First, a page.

He'd been going to suggest it, even while she was suggesting that he — Clark — could come to LA with her. Because he couldn't leave Metropolis, not while Superman made it his home — and in any case, both Clark and Superman couldn't simply relocate to LA — he'd had to say no. But then she'd made it very clear that he still meant no more to her than a brother.
She loved Superman; Clark was just the friend who was always there in the background; the man who got whatever of Lois was left after she gave her heart and soul to the one-dimensional cartoon in the cape.
She'd loved Superman so much that she'd given up everything that was precious to her for him. She'd quit the job she'd loved so much. She'd left behind all her friends, her apartment, everything familiar. She'd even left behind her best friend. All for Superman, a man who didn't even exist in three- dimensional reality.
It hurt. It had hurt the day he'd said goodbye to Lois, and it still hurt now.
So how could he have told her the truth? When she'd made it so very clear where Clark came in comparison to Superman? Oh, sure, she'd asked Clark to go with her, but when he'd had to say no she hadn't seemed to hesitate at all about her decision to leave. She may well have been making a sacrifice for Superman's sake, but in doing so she'd stabbed Clark through the heart. Yet he missed her so much.
The past six weeks had been unbearable. So many times, he'd been on the point of picking up the phone, or even flying out to LA, to talk to Lois. To tell her that she could come back, that he had a solution. But every time his hand had hovered over the phone, he'd had a flashback to that moment in her apartment.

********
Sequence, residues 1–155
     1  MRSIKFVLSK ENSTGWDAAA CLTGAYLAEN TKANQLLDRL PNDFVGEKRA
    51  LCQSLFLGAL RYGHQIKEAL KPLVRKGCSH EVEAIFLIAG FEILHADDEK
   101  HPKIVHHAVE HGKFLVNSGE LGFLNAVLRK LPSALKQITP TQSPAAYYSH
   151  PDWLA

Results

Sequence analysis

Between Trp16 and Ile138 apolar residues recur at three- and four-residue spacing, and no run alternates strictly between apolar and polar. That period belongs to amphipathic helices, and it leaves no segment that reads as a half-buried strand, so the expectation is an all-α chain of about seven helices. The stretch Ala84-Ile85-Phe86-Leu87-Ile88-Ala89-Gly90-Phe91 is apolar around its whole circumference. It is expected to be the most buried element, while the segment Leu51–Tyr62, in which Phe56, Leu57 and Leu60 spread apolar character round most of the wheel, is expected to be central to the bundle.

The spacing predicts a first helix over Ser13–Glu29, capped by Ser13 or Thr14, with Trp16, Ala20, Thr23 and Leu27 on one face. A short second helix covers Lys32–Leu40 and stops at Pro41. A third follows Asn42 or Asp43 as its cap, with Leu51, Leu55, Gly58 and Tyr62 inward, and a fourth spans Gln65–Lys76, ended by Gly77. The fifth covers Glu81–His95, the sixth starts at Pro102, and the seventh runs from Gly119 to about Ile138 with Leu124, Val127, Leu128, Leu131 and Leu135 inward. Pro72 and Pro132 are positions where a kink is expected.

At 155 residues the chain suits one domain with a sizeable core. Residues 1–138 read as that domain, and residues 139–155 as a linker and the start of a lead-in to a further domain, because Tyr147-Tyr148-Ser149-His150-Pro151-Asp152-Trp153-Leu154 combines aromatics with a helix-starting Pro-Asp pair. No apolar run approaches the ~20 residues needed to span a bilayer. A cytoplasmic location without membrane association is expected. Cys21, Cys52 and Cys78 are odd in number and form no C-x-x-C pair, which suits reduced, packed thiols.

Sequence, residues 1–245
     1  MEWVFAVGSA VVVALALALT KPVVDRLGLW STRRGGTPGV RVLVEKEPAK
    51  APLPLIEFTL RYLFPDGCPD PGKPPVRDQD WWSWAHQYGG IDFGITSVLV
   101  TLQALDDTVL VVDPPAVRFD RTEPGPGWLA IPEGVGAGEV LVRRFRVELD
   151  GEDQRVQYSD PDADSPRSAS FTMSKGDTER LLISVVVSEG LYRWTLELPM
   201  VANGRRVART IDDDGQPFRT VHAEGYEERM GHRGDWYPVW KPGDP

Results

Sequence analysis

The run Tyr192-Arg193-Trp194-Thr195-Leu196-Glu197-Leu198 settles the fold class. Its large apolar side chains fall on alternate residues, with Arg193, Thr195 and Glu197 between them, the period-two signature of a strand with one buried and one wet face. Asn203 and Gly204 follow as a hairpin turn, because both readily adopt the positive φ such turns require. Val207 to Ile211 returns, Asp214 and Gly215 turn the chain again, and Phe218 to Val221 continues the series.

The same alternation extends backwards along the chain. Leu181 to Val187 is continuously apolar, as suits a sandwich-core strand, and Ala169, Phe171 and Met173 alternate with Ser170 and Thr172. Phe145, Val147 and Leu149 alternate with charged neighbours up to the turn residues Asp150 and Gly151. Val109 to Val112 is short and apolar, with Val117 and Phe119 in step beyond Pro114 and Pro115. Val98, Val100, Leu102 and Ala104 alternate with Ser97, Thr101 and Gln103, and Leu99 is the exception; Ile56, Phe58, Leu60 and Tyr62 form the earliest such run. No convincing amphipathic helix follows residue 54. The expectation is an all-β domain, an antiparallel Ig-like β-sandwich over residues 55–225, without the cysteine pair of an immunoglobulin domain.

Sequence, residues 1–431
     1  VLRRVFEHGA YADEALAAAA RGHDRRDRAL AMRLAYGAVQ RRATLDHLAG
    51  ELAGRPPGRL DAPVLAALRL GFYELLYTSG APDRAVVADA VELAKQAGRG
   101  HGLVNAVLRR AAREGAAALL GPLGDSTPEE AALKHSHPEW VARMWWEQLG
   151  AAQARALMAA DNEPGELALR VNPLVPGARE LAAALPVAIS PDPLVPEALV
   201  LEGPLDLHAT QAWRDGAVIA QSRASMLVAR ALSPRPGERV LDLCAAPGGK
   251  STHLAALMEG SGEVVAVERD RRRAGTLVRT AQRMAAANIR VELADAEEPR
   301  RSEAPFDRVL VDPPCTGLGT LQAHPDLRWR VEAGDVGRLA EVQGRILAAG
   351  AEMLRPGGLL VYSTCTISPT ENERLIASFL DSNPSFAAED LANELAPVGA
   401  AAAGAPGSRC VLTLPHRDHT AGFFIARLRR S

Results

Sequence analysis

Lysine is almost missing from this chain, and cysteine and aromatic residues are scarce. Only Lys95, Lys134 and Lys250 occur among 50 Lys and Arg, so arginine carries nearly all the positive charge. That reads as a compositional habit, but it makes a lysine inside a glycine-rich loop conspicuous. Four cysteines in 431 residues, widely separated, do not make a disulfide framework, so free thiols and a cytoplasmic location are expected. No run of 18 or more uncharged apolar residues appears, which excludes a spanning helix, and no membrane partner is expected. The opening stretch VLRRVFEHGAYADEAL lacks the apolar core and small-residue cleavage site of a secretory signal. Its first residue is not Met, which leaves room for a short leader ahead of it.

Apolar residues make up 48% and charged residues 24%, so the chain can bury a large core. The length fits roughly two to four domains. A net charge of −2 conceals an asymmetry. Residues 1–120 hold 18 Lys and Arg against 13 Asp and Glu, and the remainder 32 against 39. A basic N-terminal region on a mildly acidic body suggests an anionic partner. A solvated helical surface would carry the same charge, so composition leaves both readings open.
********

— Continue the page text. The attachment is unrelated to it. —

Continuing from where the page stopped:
<<<"Not only would I have my sister close, but I'd have my best friend there too. A man who is more like a brother to me than any blood relation could ever be.">>>
She didn't want Clark. Not the way he wanted her. And, much as it hurt to be without Lois, he knew that it would hurt so much more to have her and know that it was only Superman she wanted.
And so he'd never called her. And no matter the pain her absence caused him, he'd never felt that he'd made the wrong decision.
Until the Planet had been bombed… and he'd realised just how easily a life could be snuffed out prematurely. If he'd been human — or if that had been Lois, not him, trapped in that corner of the newsroom — then there would never have been another chance for the two of them.
But was that enough of a reason to overlook her preference for Superman?
"Lois, you're not really going to get on that plane, are you?" Lucy asked anxiously.